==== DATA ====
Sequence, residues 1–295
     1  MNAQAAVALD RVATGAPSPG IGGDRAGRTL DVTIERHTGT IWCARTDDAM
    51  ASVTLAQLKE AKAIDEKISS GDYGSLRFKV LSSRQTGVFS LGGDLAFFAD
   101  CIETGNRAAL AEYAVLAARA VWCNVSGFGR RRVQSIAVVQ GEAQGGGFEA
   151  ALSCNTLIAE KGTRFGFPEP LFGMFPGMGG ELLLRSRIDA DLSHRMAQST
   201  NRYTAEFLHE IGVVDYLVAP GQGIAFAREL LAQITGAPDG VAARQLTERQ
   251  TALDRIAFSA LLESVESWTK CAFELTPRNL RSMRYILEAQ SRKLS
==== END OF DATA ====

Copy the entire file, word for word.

Sequence, residues 1–295
     1  MNAQAAVALD RVATGAPSPG IGGDRAGRTL DVTIERHTGT IWCARTDDAM
    51  ASVTLAQLKE AKAIDEKISS GDYGSLRFKV LSSRQTGVFS LGGDLAFFAD
   101  CIETGNRAAL AEYAVLAARA VWCNVSGFGR RRVQSIAVVQ GEAQGGGFEA
   151  ALSCNTLIAE KGTRFGFPEP LFGMFPGMGG ELLLRSRIDA DLSHRMAQST
   201  NRYTAEFLHE IGVVDYLVAP GQGIAFAREL LAQITGAPDG VAARQLTERQ
   251  TALDRIAFSA LLESVESWTK CAFELTPRNL RSMRYILEAQ SRKLS